SonoStudy: >6,500 kids studied – FAST scan in kids with blunt trauma – does it help?

In the July issue of ACEP news: there was an article which highlighted a multi-center study’s results of over 6,000 kids that discusses the FAST scan in the pediatric population.(study has yet to be published, as I cannot find it anywhere)  (FAST = focused assessment with sonography for trauma). It was discussed at SAEM as well. The findings are not surprising: FAST scan is done with low frequency in kids and when it is, it has a low sensitivity and high specificity (if negative, it does not rule out injury). But, one of the exciting parts of it was that low and moderate-risk kids got fewer CT scans when a FAST scan was performed. One of the main authors is Dr. James Holmes, from UC Davis, who has studied ultrasound in trauma extensively, most recently highlighted in JAMA assessing adult patients and the predictors of injury, concluding the FAST scan being the most accurate.

This topic is near and dear to my heart as it was my residency research project where we gathered data for the 3 years that I was at UC Irvine, with preliminary results upon my graduation, and then more data gathering for the 2 years after my graduation culminating into the publication.

To sum it all up with regard to FAST scans: depends on operator (be a rockstar sonographer), ambient light (the darker the better), patient position (trendelenberg is best, but supine will do), time to FAST (the longer the better) and…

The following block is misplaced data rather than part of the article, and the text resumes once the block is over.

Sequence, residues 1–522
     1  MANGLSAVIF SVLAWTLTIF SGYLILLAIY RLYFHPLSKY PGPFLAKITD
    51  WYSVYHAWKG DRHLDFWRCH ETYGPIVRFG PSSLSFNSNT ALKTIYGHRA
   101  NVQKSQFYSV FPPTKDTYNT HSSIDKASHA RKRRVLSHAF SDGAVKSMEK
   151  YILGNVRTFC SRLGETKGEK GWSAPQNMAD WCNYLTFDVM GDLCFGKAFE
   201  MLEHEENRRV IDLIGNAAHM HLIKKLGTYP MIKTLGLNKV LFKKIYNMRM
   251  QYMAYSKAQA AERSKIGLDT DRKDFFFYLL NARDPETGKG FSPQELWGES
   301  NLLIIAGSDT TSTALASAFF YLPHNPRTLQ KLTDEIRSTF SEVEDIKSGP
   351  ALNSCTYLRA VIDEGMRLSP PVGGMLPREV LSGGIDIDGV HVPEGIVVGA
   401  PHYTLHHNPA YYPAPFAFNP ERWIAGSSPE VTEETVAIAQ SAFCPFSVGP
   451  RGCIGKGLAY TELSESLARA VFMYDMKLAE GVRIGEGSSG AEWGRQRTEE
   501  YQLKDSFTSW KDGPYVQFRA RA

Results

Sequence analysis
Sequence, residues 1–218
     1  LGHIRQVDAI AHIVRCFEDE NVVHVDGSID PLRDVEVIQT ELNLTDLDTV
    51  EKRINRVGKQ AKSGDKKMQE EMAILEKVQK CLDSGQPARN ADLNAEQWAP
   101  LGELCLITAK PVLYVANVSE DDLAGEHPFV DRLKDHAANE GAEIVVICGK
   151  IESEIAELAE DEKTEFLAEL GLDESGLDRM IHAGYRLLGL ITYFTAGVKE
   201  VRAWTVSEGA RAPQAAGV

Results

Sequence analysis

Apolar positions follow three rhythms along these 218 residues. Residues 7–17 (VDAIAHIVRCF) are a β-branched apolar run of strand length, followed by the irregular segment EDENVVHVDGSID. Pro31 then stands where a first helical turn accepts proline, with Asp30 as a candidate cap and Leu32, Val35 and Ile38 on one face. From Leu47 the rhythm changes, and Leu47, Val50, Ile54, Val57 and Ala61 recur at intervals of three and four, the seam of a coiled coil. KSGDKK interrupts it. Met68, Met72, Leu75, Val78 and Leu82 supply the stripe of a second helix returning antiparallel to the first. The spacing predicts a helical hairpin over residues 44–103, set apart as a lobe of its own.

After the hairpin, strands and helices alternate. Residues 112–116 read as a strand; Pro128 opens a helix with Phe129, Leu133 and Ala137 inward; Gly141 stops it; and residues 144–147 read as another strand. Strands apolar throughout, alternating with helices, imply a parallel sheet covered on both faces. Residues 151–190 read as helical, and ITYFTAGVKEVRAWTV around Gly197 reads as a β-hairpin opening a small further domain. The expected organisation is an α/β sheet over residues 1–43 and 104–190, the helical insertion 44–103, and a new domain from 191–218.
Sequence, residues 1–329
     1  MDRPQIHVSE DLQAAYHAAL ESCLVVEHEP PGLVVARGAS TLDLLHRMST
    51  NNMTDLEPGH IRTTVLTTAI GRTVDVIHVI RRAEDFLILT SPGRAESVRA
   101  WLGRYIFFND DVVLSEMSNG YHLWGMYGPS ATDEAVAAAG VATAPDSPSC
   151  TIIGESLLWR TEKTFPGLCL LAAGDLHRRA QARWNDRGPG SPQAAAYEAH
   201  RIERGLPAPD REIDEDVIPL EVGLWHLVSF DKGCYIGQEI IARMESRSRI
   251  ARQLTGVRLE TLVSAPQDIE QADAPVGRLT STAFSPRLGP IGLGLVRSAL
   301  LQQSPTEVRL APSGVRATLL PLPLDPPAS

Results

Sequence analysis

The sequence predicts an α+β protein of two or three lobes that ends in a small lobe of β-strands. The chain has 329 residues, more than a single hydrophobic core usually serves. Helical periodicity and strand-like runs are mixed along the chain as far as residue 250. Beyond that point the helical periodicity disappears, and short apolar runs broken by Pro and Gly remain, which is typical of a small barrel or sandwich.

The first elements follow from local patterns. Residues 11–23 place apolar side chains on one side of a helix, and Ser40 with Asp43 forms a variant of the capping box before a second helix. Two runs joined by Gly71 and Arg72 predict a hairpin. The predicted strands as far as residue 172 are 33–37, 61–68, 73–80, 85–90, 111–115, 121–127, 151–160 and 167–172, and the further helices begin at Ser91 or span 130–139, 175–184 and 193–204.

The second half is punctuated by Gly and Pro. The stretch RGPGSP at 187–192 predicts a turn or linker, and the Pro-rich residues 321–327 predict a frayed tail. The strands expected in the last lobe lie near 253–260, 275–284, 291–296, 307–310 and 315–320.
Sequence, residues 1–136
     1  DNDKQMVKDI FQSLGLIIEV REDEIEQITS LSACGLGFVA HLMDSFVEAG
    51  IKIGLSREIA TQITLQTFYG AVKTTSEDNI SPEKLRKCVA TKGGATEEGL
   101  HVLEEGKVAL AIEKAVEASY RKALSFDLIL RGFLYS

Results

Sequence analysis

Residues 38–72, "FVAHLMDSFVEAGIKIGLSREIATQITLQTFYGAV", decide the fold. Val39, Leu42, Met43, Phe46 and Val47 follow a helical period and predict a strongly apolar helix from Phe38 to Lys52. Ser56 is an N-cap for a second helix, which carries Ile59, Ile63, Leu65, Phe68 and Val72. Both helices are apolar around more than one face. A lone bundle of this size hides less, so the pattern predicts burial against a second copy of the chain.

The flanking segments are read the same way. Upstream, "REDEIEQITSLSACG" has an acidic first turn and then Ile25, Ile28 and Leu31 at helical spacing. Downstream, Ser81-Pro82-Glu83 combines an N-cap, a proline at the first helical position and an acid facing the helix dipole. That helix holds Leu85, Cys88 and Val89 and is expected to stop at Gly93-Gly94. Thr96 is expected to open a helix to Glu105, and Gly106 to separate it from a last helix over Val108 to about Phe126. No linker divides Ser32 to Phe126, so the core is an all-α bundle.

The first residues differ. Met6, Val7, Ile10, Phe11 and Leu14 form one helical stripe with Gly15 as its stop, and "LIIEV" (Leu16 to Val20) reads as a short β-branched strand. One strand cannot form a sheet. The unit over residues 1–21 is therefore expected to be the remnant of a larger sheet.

1. Its tough to study FAST scan in kids. Why? Well, they usually do well and have no injury. The studies done over the years have a very low power because of that alone. Lastly, the sensitivity and specificity is tough to evaluate as each study defines a true positive/negative differently. Some compare the FAST to any amount of free fluid on CT (even if its not due to injury and only physiologic); some compare the FAST results to whether the patient needed admission, or operative intervention; others do it somewhere in between the two.

2. Most studies have the following results: Sensitivity 60-85%. Specificity 90-99%. A positive FAST – you’re done – its positive (go to CT if stable; to OR if not – but definitely not going home). A negative result, you still may miss injury/fluid so correlate clinically, which means a good physical exam with your suspicion of injury. These patients can go home, be observed with serial exams/FAST, or CT depending on those factors.

The FAST scan does not diagnose injury. It screens for intraperitoneal free fluid. period.

Keep in mind what the FAST scan will miss:

1. Injuries that do not cause free fluid

2. Injuries causing retroperitoneal free fluid

3. Injuries that cause <300 cc intraperitoneal free fluid (the lower the fluid amount the more likely to miss)

4. Injuries causing free fluid where the FAST scan is done too early in free fluid accumulation, and, therefore, will not detect it

Keep in mind FAST scan limitations:

1. Pelvic injuries and free fluid  – even though it’s the most dependent part, free fluid here can be missed –  bowel gas scatter, empty bladder, large area for fluid to accumulate, retroperitoneal fluid accumulation

2. Solid organ injury – will only be suspicious if significant free fluid develops (>300 cc)

3. Hollow viscus injury – may not develop free fluid or the amount of free fluid in time to identify on FAST

4. Pancreatic injury – may not develop free fluid

5. Diaphragm injury/perforation

The final point: repeat your FAST scans, especially if you don’t CT, but your patient should be kept supine to increase your accuracy


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